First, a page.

The Federal Reserve chose not to raise rates at its meeting last week. But officials have made clear they are on the cusp of hiking soon — for the first time since June 29, 2006.
That move was more than nine years ago, and that’s an eternity in the financial markets. Heck, junior analysts and interns starting their first jobs on Wall Street this summer were in middle school the last time the Federal Reserve raised rates. So you can see how this event could rock markets to their very core.
But it’s not just markets that are vulnerable. Short-term rate hikes impact everything from how much you pay to borrow money to buy a car to how much interest you earn on your money market accounts. So now is a great time to get wise to how markets, loans, deposit products, and more are likely to react whenever the Fed does make its move.
First, expect more volatility in stocks and bonds. The Fed’s stable rate policy has helped to suppress volatility across all asset classes. That’s ending.
Since we get a Fed meeting every six weeks or so, and investors will have to approach every meeting unsure of its outcome, that means you’re going to see more frequent bouts of manic-depressive behavior.
Second, expect rates on variable rate loans to rise with each federal funds rate hike. Variable-rate credit cards and home equity lines of credit (HELOCs) are often priced off the prime rate, which moves in lock step with the funds rate.
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So you may want to consider transferring any balances to a fixed-rate credit card. Or if you have a HELOC with a large balance on it, check to see if your bank offers a fixed-rate option. Many institutions allow you to fix the rate and payment on a portion of your balance, often at the cost of only a small fee. That move could protect you from a substantially higher interest bill if we end up getting a series of Fed rate hikes.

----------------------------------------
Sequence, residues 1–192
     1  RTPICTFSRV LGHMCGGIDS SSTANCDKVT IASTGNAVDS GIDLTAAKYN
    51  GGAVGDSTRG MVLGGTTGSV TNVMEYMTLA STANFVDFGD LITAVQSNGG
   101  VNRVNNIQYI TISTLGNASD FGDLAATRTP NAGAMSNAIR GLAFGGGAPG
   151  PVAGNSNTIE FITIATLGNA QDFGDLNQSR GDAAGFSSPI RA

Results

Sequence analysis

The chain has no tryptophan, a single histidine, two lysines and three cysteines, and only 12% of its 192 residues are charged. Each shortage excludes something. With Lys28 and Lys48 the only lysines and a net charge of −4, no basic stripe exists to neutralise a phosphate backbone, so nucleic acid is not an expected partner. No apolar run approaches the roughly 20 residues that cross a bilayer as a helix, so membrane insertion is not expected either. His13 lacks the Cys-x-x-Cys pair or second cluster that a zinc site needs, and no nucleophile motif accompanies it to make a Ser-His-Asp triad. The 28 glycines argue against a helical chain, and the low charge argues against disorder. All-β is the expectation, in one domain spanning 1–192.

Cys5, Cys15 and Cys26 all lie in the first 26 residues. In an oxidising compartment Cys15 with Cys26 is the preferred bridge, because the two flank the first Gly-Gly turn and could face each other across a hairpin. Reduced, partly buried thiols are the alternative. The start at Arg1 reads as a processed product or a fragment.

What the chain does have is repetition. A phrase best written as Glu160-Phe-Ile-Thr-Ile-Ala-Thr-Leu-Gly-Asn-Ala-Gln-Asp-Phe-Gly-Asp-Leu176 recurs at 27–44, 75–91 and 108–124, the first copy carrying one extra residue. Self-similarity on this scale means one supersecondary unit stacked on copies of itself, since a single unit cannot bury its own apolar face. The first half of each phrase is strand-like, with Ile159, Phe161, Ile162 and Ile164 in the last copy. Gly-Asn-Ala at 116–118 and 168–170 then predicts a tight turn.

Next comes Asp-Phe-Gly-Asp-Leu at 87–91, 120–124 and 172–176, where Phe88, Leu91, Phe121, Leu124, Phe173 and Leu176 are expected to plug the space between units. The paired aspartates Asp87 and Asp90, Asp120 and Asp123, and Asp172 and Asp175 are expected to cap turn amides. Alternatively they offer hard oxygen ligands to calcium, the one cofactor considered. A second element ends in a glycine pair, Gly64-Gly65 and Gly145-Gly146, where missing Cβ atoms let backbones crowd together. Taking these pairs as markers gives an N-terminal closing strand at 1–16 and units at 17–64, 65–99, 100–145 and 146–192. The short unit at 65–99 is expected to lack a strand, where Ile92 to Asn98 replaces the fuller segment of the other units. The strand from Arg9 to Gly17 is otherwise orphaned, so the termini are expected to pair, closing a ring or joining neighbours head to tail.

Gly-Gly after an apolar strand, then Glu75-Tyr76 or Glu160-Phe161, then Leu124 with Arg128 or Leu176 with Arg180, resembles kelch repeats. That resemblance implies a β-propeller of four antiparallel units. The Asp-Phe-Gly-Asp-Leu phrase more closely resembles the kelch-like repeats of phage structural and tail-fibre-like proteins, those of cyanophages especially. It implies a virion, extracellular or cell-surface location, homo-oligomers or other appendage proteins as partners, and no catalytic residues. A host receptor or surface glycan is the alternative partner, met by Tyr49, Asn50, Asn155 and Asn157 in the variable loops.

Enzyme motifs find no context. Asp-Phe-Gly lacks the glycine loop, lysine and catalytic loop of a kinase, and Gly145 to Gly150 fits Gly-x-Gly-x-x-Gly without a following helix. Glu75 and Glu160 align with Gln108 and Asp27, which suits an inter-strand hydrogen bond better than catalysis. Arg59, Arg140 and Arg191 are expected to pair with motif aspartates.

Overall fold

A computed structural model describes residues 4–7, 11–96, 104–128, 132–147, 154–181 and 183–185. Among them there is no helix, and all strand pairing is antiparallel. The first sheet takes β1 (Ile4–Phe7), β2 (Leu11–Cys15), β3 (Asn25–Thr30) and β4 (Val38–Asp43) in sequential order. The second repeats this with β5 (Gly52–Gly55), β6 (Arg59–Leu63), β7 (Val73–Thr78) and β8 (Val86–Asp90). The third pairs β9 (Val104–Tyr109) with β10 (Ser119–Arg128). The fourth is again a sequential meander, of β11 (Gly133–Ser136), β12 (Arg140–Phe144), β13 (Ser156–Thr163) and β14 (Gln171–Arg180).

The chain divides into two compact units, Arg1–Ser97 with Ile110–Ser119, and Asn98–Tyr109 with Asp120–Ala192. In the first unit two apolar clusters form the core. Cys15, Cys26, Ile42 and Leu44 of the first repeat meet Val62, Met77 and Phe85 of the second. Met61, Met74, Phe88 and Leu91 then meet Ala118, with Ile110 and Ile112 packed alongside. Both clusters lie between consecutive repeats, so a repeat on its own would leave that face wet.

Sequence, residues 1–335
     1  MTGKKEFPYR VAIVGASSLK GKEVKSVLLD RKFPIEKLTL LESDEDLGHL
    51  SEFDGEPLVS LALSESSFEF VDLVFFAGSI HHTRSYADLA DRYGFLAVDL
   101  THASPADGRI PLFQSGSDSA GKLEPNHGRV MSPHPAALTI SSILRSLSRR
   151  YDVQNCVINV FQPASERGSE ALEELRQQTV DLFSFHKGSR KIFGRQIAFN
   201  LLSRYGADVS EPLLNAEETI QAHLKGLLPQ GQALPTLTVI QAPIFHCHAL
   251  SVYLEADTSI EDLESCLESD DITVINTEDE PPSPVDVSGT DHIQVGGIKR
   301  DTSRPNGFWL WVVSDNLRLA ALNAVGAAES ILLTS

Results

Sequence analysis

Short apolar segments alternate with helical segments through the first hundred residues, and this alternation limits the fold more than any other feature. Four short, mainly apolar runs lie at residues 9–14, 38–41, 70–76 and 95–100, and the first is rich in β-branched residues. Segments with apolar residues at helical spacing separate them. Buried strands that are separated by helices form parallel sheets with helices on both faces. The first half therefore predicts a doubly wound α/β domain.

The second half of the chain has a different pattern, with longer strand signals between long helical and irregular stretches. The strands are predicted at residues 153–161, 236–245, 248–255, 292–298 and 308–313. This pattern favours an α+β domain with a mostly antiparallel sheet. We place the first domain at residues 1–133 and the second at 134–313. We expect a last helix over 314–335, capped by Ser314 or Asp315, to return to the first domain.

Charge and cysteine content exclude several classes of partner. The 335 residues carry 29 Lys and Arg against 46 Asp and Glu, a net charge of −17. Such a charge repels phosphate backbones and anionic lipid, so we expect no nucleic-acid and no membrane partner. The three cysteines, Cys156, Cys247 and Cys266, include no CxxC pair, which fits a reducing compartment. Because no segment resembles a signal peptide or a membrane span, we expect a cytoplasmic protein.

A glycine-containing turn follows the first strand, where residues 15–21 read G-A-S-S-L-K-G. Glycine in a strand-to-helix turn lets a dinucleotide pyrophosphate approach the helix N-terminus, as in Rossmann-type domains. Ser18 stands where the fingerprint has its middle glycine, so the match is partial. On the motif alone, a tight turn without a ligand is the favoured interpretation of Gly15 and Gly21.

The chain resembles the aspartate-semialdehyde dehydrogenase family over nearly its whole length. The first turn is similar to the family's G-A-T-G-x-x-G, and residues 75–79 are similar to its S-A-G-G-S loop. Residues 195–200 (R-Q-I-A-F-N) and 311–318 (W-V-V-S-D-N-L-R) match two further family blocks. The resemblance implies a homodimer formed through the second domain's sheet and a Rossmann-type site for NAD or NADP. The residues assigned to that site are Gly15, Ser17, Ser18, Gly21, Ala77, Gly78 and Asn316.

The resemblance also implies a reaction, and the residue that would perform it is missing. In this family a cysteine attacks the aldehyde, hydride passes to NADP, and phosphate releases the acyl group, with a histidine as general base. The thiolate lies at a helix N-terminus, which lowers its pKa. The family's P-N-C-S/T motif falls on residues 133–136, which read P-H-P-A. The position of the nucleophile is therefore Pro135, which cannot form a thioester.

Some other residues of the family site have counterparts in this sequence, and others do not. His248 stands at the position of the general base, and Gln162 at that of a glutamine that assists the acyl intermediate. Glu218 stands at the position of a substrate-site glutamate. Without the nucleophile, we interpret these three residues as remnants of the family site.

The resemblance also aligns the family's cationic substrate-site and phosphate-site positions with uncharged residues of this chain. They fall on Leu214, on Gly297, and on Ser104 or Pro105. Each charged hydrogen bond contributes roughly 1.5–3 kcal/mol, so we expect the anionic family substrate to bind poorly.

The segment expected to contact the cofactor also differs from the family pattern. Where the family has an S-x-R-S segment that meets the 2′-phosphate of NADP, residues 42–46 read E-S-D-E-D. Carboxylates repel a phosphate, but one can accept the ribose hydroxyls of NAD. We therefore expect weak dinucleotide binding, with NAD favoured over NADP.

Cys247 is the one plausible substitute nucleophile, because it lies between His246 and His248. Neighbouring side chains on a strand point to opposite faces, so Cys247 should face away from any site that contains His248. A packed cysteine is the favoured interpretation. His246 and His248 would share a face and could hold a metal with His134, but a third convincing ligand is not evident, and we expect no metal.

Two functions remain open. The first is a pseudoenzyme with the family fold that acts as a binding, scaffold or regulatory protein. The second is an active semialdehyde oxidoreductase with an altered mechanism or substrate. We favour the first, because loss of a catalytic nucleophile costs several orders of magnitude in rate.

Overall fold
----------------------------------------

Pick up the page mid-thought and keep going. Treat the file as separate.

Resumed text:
Third, yields will start rising on variable-rate savings products like money market accounts (MMAs). They’ve been paying squat for years, so that will be a welcome change.
But don’t expect to get rich from highly liquid accounts unless rates skyrocket. The average money market account yields only 0.1% or so, according to Bankrate.com. So even a pair of 25-basis-point hikes by the Fed at the next few meetings would only push that rate toward 0.6% or so.
Fourth, don’t lock in today’s low yields on long-term savings products like 3-, 4-, or 5-year CDs. Instead, wait until we’ve gotten a handful of rate hikes so your bank has to offer you better yields. Consider online-only banks, which tend to pay higher yields because they don’t have physical infrastructure costs to cover by offering lower returns to deposit holders.
Fifth, when it comes to home mortgages, the impact of fed hikes is more nuanced. Rates on loans like 1-year Adjustable Rate Mortgages (ARMs) are much more likely to be directly influenced by changes in the funds rate than rates on 30-year, fixed-rate mortgages (FRMs). That’s because ARM rates generally follow shorter-term rates that are guided by the federal funds rate, while rates on long-term FRMs are guided by yields on long-term Treasury and mortgage bonds.
So don’t expect a 25-point Fed hike to automatically drive 30-year loan rates up by 25 points overnight. It all depends on how hyperactive bond traders react to what the Fed does.
This quick “cheat sheet” should give you a leg up on many investors, borrowers, and savers. It will help prepare you for what the Fed is about to dish out, and take advantage of the resulting volatility.
Until next time,